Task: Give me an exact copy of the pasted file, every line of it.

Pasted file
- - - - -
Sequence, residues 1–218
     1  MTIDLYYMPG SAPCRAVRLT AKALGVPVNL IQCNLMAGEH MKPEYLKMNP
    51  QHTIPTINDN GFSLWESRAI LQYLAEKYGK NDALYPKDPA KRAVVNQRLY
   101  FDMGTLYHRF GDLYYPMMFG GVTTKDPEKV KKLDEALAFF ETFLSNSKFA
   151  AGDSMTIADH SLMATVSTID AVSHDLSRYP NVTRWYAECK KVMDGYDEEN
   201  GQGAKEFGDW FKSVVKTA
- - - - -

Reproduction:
Sequence, residues 1–218
     1  MTIDLYYMPG SAPCRAVRLT AKALGVPVNL IQCNLMAGEH MKPEYLKMNP
    51  QHTIPTINDN GFSLWESRAI LQYLAEKYGK NDALYPKDPA KRAVVNQRLY
   101  FDMGTLYHRF GDLYYPMMFG GVTTKDPEKV KKLDEALAFF ETFLSNSKFA
   151  AGDSMTIADH SLMATVSTID AVSHDLSRYP NVTRWYAECK KVMDGYDEEN
   201  GQGAKEFGDW FKSVVKTA